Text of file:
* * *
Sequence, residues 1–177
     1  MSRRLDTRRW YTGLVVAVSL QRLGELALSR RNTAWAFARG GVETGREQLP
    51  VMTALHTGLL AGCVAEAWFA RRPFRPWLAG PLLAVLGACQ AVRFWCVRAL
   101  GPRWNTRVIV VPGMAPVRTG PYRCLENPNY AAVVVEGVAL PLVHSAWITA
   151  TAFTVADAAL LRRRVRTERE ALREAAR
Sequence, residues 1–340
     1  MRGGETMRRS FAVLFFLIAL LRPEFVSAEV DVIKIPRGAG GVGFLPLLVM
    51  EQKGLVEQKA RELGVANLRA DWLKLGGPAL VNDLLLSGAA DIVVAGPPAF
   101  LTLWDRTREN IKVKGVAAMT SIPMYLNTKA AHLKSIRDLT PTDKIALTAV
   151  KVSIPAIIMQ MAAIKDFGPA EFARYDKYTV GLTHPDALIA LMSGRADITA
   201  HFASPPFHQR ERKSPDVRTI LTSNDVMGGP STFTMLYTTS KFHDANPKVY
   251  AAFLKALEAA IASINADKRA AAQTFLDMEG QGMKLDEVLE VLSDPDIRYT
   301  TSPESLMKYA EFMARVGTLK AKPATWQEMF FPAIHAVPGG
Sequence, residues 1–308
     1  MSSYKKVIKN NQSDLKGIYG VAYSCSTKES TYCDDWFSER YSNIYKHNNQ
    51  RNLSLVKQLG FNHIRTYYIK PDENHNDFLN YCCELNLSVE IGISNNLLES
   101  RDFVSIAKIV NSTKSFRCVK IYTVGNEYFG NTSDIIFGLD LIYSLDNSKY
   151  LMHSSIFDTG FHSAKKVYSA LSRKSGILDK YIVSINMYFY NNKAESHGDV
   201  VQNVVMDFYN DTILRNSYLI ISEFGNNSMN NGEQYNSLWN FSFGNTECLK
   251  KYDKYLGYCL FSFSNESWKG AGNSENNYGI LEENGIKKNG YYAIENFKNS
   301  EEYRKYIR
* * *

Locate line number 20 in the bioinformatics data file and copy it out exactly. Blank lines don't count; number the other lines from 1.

   251  KYDKYLGYCL FSFSNESWKG AGNSENNYGI LEENGIKKNG YYAIENFKNS